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Suffer the Little Children: How lack of transparency in a state agency endangers children

Cascade Commentary

Summary

A federal review found Oregon’s Child Welfare program to be in “substantial conformity” with NONE of the national standards for seven client outcome measures. The most important mission of DHS is protecting children from harm. Government transparency requires that DHS meet the benchmarks demanded by Governor Kulongoski and release relevant proof to the public.

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Oregon’s Department of Human Services (DHS) is charged with many health and welfare responsibilities. One important mission is protecting children in their care from harm. In response to a number of high-profile incidents, Governor Ted Kulongoski has issued two strong directives to the Child Welfare program. First, he has demanded the problems in the program be fixed (2008). Second, he wants “Critical Incident Response Team” (CIRT) reviews made available to the public within 60 days (2004). DHS Director Dr. Bruce Goldberg has promised caseworkers will have monthly face-to-face contact with children in 80% of their casework. How well is the agency meeting these directives? From all information available, it has failed. Moreover, DHS has failed to provide the citizens of Oregon with a transparent view of its problems.

The Child Welfare program failed a federal review in 2001 and failed again six years later. The 2007 federal review of services found Oregon failed to meet federal standards in 11 out of 14 measures. The review concluded that DHS Child Welfare failed or is in “substantial conformity” with NONE of the national standards for seven client outcome measures.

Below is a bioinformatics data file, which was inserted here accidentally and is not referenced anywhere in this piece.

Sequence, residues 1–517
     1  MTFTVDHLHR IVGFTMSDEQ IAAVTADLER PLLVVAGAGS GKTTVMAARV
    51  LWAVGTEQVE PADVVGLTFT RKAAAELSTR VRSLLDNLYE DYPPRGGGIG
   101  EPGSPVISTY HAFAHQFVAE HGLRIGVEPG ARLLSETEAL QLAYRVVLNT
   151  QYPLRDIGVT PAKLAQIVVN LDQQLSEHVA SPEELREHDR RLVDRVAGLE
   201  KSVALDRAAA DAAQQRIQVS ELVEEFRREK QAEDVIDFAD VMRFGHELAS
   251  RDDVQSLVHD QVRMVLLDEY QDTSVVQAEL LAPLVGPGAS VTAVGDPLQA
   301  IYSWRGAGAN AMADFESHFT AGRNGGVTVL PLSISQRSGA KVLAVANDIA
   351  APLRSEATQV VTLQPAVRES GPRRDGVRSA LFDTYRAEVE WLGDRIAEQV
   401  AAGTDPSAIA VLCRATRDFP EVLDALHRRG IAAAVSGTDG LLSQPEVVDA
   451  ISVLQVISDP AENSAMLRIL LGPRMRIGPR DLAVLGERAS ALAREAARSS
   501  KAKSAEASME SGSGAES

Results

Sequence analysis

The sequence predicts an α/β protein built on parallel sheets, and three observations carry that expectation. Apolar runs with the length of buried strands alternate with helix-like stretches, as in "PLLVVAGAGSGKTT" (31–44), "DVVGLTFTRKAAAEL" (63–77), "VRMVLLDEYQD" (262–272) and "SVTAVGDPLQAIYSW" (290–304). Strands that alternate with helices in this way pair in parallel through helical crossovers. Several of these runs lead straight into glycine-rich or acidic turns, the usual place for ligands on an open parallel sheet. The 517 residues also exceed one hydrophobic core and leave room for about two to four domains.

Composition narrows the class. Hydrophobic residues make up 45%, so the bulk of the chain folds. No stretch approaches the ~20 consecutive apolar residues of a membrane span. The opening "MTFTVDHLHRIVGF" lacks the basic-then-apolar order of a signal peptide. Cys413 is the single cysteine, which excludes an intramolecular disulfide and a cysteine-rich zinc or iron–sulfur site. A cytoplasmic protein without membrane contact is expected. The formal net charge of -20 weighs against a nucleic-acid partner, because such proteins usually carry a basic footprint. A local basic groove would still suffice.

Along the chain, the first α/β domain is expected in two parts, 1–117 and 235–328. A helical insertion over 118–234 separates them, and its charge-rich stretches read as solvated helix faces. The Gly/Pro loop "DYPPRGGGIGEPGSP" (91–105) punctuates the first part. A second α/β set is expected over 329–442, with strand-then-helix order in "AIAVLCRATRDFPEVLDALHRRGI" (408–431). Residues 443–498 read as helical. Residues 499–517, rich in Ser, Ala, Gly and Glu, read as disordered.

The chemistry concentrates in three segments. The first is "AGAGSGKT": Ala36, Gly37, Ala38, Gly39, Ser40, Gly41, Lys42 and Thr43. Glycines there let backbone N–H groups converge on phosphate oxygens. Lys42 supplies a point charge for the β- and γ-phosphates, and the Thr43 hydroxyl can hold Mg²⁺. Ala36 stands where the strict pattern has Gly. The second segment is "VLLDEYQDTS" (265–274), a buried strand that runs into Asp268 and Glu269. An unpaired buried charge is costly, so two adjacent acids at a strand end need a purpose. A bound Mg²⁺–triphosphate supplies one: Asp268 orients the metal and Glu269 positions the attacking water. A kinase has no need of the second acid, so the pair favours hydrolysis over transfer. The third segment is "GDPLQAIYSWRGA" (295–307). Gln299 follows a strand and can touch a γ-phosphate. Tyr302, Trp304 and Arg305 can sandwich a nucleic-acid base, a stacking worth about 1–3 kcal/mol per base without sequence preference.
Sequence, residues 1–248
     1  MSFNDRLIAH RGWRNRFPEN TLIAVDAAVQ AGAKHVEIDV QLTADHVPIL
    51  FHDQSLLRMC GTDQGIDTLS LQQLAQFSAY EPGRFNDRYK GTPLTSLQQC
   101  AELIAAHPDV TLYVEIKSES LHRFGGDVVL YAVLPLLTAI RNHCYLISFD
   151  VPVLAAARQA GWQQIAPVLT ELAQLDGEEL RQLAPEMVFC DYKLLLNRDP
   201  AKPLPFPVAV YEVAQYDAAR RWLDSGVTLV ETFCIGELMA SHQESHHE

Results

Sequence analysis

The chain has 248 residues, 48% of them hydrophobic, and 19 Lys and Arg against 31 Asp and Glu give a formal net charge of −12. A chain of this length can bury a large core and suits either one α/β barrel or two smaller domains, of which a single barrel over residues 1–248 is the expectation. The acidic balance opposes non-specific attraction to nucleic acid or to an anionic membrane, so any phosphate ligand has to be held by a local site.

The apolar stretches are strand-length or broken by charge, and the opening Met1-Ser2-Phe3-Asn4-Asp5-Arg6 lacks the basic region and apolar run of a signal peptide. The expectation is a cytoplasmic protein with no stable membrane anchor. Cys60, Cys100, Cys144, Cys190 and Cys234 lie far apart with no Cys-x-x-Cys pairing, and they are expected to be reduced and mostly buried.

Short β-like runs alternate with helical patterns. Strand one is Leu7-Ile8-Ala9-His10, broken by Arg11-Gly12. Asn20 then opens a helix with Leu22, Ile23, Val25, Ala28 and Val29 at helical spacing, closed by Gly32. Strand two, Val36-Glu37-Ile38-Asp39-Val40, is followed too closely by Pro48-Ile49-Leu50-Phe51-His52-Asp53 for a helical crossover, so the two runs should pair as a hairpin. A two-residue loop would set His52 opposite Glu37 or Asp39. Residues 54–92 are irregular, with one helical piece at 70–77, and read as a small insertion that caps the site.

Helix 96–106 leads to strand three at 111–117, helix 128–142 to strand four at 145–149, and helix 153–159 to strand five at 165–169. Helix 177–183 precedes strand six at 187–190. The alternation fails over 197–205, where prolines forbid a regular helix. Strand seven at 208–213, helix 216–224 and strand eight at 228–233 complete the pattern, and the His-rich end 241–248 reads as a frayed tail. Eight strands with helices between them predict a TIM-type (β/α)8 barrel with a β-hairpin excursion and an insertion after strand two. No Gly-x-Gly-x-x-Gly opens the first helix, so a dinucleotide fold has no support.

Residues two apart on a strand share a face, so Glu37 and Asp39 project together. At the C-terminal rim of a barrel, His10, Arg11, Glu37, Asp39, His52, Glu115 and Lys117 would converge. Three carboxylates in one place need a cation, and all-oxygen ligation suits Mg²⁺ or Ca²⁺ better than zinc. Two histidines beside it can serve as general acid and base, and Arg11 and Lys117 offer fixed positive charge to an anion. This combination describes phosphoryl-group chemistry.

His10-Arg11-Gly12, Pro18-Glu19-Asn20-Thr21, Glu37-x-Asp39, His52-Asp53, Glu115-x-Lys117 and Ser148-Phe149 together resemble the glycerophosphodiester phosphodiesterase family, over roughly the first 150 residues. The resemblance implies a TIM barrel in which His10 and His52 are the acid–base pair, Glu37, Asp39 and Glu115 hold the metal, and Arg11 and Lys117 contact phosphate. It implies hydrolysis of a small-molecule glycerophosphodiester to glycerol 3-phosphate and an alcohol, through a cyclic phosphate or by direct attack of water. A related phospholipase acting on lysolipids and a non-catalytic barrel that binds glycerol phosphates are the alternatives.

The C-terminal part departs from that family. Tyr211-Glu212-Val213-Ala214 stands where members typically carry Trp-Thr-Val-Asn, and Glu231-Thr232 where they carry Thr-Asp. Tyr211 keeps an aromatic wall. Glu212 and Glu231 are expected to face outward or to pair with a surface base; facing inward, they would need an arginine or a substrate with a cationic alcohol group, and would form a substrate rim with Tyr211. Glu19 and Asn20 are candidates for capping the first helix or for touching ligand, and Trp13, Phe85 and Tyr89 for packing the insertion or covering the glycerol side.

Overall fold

“Monthly quality contact with children occurred in only 55% of cases reviewed, and only 39% of the parents in reviewed cases had contact with their caseworkers.”

Oregon’s failures include the reoccurrence of maltreatment within 6 months and maltreatment of children in foster care. Some of this low performance was attributed in part to the lack of frequent and meaningful contact between DHS staff and children, parents or foster parents. Monthly quality contact with children occurred in only 55% of cases reviewed, and only 39% of the parents in reviewed cases had contact with their caseworkers. Dr. Goldberg promised an 80% monthly face-to-face contact rate by this year. Data is not yet publicly available to gauge any progress toward this goal, but transparent government demands that DHS release it soon. The 2001 and 2007 federal reviews note an ongoing concern that state services were not adequately provided to keep children safe in their homes (or in their foster homes) in 40% of the cases reviewed.

Other measures that failed in the 2007 federal review include: that children be protected from abuse and neglect (only 62.5% of cases reviewed met this standard); that children be safely maintained in their homes when possible (60%); and that children have permanency and stability in their living situation (46.3%).

While Gov. Kulongoski requested that Critical Incident Reports be released within 60 days, 14 Critical Incident Reports have been completed since 2004. Many Critical Incident Reports remain secret, and neither the governor’s office nor DHS have told Oregonians whether problems uncovered in these investigations are being solved.